A California bill introduced last week aims to expand pharmacists’ ability to provide pre- and post-exposure prophylaxis (PrEP and PEP) to prevent HIV. Specifically, the bill requires insurers to cover the costs of the pharmacists’ services and allows pharmacists to prescribe up to a 90-day supply—and even more if certain conditions are met.

The proposed legislation, SB 339, was introduced by Senator Scott Wiener (D–District 11) of San Francisco and is cosponsored by Assemblymember Evan Low (D–District 26) of Santa Clara County.

When taken as directed, PrEP reduces the risk of getting HIV from sex by about 99%, according to the Centers for Disease Control and Prevention. What’s more, PrEP reduces the risk of getting HIV from injection drug use by at least 74%.

In 2019, Wiener introduced the first bill, SB 159, to allow pharmacists to dispense PrEP and PEP to patients without a doctor’s prescription. Governor Gavin Newsom signed it into law the same year. It took effect in 2020, but the COVID-19 pandemic hindered its rollout.

Since then, it has become apparent that the California law is imperfect and needs updating. Notably, the law doesn’t cover pharmacists’ services and allows only a 60-day supply of meds, an insufficient time for a doctor’s referral.

“I introduced new legislation (SB 339) to expand access to PrEP—a daily pill that all but eliminates HIV risk—by making it easier for pharmacists to provide it w/o a physician’s prescription,” Wiener tweeted February 8 in announcing the new bill. “PrEP is a critical tool in ending the HIV epidemic. We need to expand access to it.”

“SB 339 builds on a law I wrote in 2019: SB 159,” Wiener continued, adding: “SB 159 made CA the 1st state to allow pharmacists to provide PrEP & PEP w/o an Rx. However, certain limitations in that law slowed its rollout. SB 339 fixes those issues & brings CA in line with other states that followed our lead.”

The law is needed because many folks at risk for HIV don’t have a regular health care provider, let alone one who is close by and can prescribe meds on short notice. (PEP, a daily regimen taken for 28 days, must be started within 72 hours of a potential exposure and preferably sooner.)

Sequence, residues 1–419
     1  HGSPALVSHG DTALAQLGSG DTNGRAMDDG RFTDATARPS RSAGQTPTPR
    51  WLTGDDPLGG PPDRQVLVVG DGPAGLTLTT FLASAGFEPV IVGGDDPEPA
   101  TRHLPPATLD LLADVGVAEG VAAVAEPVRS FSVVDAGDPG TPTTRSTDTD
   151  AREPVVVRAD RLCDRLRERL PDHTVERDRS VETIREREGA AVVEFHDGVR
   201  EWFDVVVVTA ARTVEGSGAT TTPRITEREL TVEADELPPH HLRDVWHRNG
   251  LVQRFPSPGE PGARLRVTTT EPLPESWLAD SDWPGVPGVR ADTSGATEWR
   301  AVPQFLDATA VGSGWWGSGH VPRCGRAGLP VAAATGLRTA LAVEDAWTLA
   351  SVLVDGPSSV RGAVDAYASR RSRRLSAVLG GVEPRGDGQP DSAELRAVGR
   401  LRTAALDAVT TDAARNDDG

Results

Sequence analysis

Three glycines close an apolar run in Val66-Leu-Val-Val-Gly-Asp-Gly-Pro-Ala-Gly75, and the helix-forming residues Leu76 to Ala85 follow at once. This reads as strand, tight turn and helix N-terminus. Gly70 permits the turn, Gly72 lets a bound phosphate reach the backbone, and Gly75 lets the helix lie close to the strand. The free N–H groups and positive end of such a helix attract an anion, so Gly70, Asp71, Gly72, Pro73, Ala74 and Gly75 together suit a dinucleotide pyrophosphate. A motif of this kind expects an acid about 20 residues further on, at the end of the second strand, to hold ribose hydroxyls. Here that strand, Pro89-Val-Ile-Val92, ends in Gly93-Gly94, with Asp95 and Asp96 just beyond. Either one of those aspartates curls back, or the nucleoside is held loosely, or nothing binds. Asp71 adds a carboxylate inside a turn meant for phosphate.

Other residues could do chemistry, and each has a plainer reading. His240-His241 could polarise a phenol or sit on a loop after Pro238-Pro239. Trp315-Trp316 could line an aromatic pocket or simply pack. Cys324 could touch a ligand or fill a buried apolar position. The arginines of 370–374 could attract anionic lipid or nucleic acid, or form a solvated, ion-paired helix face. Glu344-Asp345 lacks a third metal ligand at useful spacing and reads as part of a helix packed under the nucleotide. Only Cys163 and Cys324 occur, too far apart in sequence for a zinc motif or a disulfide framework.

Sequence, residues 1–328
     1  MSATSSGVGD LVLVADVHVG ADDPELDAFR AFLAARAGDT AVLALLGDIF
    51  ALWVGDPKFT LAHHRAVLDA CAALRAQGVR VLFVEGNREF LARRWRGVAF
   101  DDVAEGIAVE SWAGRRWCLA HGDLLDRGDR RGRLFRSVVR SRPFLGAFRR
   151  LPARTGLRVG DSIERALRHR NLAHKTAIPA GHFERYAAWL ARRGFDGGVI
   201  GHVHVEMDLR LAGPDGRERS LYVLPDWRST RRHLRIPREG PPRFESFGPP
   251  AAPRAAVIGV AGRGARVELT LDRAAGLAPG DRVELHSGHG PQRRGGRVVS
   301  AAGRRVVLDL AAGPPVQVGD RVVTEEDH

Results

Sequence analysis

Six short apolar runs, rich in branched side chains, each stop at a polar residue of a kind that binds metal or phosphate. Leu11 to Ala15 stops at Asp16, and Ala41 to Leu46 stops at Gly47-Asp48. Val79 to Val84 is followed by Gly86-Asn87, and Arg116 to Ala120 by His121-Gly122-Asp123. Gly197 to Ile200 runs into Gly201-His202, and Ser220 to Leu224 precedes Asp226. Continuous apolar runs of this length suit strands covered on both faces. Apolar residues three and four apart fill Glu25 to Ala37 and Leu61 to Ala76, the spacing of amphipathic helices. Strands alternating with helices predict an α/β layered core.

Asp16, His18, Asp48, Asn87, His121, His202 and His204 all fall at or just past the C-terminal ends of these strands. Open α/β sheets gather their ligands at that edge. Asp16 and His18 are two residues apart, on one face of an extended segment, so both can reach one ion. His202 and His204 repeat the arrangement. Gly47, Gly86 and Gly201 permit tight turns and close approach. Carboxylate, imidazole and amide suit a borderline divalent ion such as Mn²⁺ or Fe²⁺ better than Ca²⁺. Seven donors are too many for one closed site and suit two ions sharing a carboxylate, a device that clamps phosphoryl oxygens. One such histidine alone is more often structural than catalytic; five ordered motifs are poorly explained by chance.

“PrEP freed millions of people from the fear of contracting HIV, a miracle of science that once seemed impossible,” Wiener said in the Los Angeles Blade. “However, each year around 4,000 Californians—disproportionately LGBTQ people and people of color—contract HIV because of barriers to access. SB 339 will address the issues with implementing our groundbreaking legislation SB 159, allowing people to access PrEP without seeing a doctor.”

The bill is sponsored by the California Pharmacists Association, Equality California and the SF AIDS Foundation, according to the Blade.

An abstract of SB 336 states that the bill “would authorize a pharmacist to furnish up to a 90-day course of pre-exposure prophylaxis, or pre-exposure prophylaxis beyond a 90-day course, if specified conditions are met. The bill would require the California State Board of Pharmacy to adopt emergency regulations to implement these provisions by July 1, 2024.”

In addition, the bill “would require a health care service plan and health insurer to cover pre-exposure prophylaxis furnished by a pharmacist, including costs for the pharmacist’s services and related testing. The bill would include pre-exposure prophylaxis furnished by a pharmacist as pharmacist services on the Medi-Cal schedule of benefits. Because a willful violation of these provisions by a health care service plan would be a crime, this bill would impose a state-mandated local program.”

California isn’t the only state to allow pharmacists to dispense PrEP and PEP. Lawmakers in Colorado, Illinois, Missouri, Nevada and Oregon have passed similar legislation in recent years, and many of those bills have addressed the shortcomings of Cailfornia’s initial law.

In related news, California was also the first state to require health insurers to cover at-home tests for HIV and sexually transmitted infections.

To learn more about HIV prevention methods, see the POZ Basics on Pre-Exposure Prophylaxis (PrEP) and Post-Exposure Prophylaxis (PEP). For example, the PrEP information states:

“PrEP is an HIV prevention tool in which an HIV-negative person takes antiretroviral medication to reduce the risk of contracting HIV. Currently, there are three Food and Drug Administration­–approved medications for PrEP:

Truvada (tenofovir disoproxil fumarate/emtricitabine)

Descovy* (tenofovir alafenamide/emtricitabine)

Apretude (extended-release cabotegravir)

*Descovy has not yet been indicated for individuals at risk for HIV from receptive vaginal sex.


“When antiretroviral medication builds up in the human body, it can stop HIV from replicating and establishing an infection. PrEP was approved in 2012 by the U.S. Food and Drug Administration (FDA) with the requirement that it be used every day, even during periods of minimal or low-risk sexual activity. Studies are exploring intermittent dosing strategies (for example, using PrEP only during high-risk periods) as well as different medications that could be used as PrEP. In 2021, the first long-lasting injectable form of PrEP was approved.


“PrEP only works if you take it. Data from the iPrEx trial show that daily adherence of oral PrEP reduces HIV risk between 96% and greater than 99%. Those who took four doses a week remained fully protected, and those who took two lowered their chance of getting HIV by 76%. Data from the HPTN 083 and HPTN 084 studies showed that long-acting injectable regimens are even more effective than PrEP pills at preventing HIV acquisition.”